Katerina Aksonova. Stroke.


    More about play.

    (STROKE – the act of striking the ball with the racquet.)

    June 2014, April-May 2015


    Police men:



    Tennis players:






    Scene 1.

    In front of curtain is table with chair. Ian Davies sits in chair, his back to audience. Near table stays man in suit, Ruff West.

    WEST: I still don’t understand why we take part in that crazy idea.

    DAVIES: West, we can use it.

    WEST: Davies, I work with you years. You never listen to amateur, suspect amateur.

    DAVIES: Ruff, we can do this just once.

    WEST: Ian, it’s not about work. Yes.

    DAVIES: Stupid suggestion.

    WEST: You didn’t prove me that I’m wrong.

    DAVIES: I just know more than any one else.

    WEST: Undercover operation, I read everything.

    DAVIES: What is your work?

    WEST: Cameras, microphones, everything are in place.

    DAVIES: Are you sure that Stanley Klein didn’t check everything?

    WEST: Press.

    DAVIES: You know, that his newspaper have no idea...

    WEST: About tournament?

    DAVIES: Courses of web-design helped him to made this meeting.

    WEST: You would play witness.

    DAVIES: Already. Put in my list of games. How he could invited me in another way.

    WEST: Not too much details.

    DAVIES: Everything was vaguely. We still don’t know for sure.

    WEST: If no one notice him, why bother after her death.

    DAVIES: Magnificent “if”.

    WEST: At his own risk.

    DAVIES: Have respect for his attempt.

    WEST: Not a problem that killer is in jail now.

    DAVIES: He knows that we haven’t enough proofs. We must appreciate his work.

    WEST: You know that you are mad.

    DAVIES: I could be objective.

    WEST: Even when we talk about tennis.

    DAVIES: Especially.

    Davies stands up from the chair. He dressed all in white: shorts, T-short, socks and shoes. He takes racquet from the table.

    DAVIES: We begin with love and we’ll see, who will win.


    Scene 2.

    Changing room.

    Two men play tennis without ball. Stanley Klein is nervous, his opponent Edwin Taylor more relaxed, he doesn’t miss the “ball”.

    On the bench sit four men. One of them is Ian Davies. They watch and comment with gestures “the game”.

    TAYLOR: If you will play the same on the court it will be bad.

    KLEIN: We try to entertain audience till...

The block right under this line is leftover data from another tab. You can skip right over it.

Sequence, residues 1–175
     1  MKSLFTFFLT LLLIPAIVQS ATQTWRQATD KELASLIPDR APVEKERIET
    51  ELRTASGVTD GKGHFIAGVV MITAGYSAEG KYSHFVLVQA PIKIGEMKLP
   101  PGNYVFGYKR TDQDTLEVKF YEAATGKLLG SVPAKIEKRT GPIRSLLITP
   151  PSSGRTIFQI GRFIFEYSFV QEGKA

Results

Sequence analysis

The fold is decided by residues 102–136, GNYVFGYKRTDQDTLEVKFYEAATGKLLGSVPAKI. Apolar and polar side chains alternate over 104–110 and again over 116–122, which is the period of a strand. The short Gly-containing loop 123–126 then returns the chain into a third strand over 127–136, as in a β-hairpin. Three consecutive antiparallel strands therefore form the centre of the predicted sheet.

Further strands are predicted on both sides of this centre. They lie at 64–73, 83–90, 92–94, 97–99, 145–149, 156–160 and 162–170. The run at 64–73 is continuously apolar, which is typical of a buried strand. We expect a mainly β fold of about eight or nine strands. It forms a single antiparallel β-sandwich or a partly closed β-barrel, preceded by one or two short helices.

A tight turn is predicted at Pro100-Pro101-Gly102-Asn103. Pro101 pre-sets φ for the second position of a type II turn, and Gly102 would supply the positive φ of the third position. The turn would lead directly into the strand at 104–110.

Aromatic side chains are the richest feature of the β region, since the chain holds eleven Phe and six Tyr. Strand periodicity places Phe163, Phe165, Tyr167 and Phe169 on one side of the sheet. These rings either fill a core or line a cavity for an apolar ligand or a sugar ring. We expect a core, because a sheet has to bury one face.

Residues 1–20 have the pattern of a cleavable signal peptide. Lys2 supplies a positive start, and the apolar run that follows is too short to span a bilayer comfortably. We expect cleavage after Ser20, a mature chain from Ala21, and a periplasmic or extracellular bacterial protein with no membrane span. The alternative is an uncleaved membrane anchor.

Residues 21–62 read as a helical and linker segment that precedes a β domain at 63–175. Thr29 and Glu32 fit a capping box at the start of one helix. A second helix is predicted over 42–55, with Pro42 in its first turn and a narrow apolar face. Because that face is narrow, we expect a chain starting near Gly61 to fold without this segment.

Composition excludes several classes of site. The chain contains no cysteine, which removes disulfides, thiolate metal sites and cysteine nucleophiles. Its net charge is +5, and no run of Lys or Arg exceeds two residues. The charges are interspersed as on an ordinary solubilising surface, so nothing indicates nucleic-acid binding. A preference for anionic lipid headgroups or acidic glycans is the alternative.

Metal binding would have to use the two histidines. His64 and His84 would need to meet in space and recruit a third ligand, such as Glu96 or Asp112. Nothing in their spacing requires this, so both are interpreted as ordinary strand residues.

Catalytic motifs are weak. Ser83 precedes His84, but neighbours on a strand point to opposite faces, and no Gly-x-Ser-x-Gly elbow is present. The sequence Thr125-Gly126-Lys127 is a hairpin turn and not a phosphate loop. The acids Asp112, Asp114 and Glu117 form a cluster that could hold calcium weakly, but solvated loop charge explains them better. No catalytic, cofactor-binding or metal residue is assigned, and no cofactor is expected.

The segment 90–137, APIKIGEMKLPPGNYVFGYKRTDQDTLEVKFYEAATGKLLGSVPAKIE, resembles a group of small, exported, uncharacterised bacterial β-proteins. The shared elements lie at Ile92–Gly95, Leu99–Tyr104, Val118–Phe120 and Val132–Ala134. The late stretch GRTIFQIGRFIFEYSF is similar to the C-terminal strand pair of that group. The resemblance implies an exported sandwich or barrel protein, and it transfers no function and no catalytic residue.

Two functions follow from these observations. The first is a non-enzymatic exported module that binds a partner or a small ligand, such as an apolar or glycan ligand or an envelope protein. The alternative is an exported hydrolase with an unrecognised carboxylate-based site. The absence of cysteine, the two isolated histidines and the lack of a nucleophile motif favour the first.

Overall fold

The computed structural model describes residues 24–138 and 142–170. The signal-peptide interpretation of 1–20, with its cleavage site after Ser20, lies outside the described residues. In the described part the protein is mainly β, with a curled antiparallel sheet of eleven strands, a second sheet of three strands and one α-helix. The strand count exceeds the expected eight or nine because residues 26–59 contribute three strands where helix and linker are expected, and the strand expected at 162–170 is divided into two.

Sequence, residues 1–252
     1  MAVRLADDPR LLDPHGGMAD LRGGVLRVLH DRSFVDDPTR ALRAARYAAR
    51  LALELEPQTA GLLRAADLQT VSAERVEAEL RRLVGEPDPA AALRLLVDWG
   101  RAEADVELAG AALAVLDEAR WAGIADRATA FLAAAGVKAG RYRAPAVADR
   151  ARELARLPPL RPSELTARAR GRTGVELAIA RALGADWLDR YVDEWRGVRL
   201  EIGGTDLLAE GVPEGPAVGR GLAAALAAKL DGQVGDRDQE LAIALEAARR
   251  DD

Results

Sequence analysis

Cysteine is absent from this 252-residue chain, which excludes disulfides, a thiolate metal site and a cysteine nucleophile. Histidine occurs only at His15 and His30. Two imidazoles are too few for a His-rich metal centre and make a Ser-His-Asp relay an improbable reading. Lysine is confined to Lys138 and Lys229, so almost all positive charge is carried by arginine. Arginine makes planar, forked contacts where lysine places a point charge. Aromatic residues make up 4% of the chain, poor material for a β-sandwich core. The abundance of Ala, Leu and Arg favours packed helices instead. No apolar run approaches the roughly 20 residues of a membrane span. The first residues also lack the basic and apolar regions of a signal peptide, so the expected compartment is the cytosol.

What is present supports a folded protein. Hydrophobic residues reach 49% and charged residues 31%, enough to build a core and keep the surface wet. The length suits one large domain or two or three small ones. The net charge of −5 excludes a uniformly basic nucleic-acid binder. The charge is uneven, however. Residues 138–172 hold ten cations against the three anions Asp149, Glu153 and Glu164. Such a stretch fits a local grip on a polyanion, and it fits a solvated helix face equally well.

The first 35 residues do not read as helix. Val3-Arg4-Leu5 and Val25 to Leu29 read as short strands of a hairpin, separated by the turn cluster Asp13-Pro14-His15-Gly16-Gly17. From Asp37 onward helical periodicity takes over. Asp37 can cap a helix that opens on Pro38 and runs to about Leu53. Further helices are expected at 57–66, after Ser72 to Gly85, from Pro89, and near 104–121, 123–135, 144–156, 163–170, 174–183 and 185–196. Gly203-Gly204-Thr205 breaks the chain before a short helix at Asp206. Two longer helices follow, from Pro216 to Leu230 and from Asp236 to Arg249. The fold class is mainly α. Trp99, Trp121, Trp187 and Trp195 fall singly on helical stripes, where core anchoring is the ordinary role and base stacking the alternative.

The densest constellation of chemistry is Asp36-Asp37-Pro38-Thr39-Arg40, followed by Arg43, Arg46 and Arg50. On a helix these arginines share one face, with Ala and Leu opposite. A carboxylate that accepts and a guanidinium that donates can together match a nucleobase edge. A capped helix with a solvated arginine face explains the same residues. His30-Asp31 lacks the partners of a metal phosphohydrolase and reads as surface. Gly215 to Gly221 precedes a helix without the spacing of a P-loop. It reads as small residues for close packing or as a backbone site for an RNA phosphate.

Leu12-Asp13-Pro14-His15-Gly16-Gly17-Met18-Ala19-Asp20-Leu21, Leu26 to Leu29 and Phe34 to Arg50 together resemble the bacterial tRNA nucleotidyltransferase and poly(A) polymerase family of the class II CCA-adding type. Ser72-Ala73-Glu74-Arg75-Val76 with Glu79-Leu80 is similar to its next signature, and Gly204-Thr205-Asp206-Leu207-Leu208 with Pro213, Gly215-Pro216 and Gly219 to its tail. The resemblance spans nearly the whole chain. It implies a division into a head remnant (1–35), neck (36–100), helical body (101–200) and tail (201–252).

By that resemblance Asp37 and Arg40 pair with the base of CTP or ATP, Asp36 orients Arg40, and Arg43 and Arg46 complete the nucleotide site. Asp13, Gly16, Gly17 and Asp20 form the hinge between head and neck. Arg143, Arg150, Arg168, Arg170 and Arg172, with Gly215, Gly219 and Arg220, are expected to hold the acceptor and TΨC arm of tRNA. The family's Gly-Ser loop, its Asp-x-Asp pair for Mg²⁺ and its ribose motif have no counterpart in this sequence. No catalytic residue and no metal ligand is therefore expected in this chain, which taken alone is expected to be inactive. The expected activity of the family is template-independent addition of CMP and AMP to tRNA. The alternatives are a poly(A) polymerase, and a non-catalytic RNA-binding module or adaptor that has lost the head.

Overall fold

Joseph Mills stands up from bench.

    MILLS: Rain has to stop. Your newspaper could think about close court.

    KLEIN: It was cheaper.

    DAVIES: Usual answer for all troubles.

    Barry Bauer also stands up.

    BAUER: We could talk for year or I could go and check everything.

    DAVIES (loud): Bring to us olive branch.

    BAUER: What?

    Adrian Parker starts to laugh.

    PARKER: He hopes that rain was stop.

    BAUER: Inappropriate joke.

    Bauer exits.

    Scene 3.

    TAYLOR: We could have game here if weather doesn’t change.

    PARKER: It could be another day.

    Sound of knock at the door.

    DAVIES: What is it?

    Scene 4.

    Bauer enters.

    BAUER: Door is closed.

    KLEIN: Sorry?

    BAUER: We are shut in. Bad joke, Klein.

    KLEIN: I was here. How I could?

    DAVIES: You have to try harder.

    BAUER: Try yourself, smarty.

    Davies exits.

    Scene 5.

    KLEIN: Don’t look at me, I was with all of you.

    PARKER: Who else need this?

    Scene 6.

    Davies enters.

    DAVIES: Door is closed, Klein!

    KLEIN: It have to be a mistake. We’ll wait for judge, he just late, as always. He’ll find us.


    PARKER: What the hell?

    Loud sound of voice “You know why you are here. You tell the truth, or die here.”

    Lights on.

    MILLS: What was that?

    DAVIES: Who is you?

    TAYLOR: We need to check another possibility for escape.

    PARKER: Did you imply exit?

    KLEIN: Calm down, all of you. We are in net.

    DAVIES: We noticed, clever.

    BAUER: He has a point. We are observed by someone.

    TAYLOR: One of us.

    BAUER: We’ll find an answer and we all be free.

    DAVIES: You watched films with several people in closed place.

    BAUER: Yes. It’s always a solution.

    TAYLOR: And not everyone at the end of story are live.


    Voice “You know why you are here. You tell the truth, or die here. You have two hours.”

    Lights on.

    TAYLOR: We have enough time to clear up the problem.


    TAYLOR: Someone to confess? Time comes. We can’t sit here for two hours mute.

    BAUER: You have something to tell.

    PARKER: Our host, Klein. You know why we are here.

    KLEIN: Me?

    MILLS: Your newspaper organized our meeting and now this menace.

    DAVIES: Accusation it’s wrong.

    TAYLOR: Your plan.

    DAVIES: Try to think. Why we are here?

    MILLS: You remind me that crazy voice.

    DAVIES: Why we? Not they, but we. What we have in common?

    PARKER: Tennis.

    DAVIES: Perhaps. All I see first time. What about others?

    BAUER: Never. Even on tournaments.

    KLEIN: Do you remember all?

    BAUER: I would memorize you, you have unique style of game.

    TAYLOR: No style.

    MILLS: I also don’t know no one.

    PARKER: It was sole chance to have all of us in one place.

    DAVIES: Not bad idea. Why tennis?

    MILLS: It could be connected with something else. Zoo, where I was with my newphew.

    DAVIES: I haven’t children.

    KLEIN: Me too. And I was in zoo only at primary school.

    TAYLOR: Than tennis. We could tell story connected to tennis and you chose the one. Do you hear me?

    BAUER: With whom are you talking?

    TAYLOR: You really believe that if someone closed us here, he didn’t bother to listen or watch us now.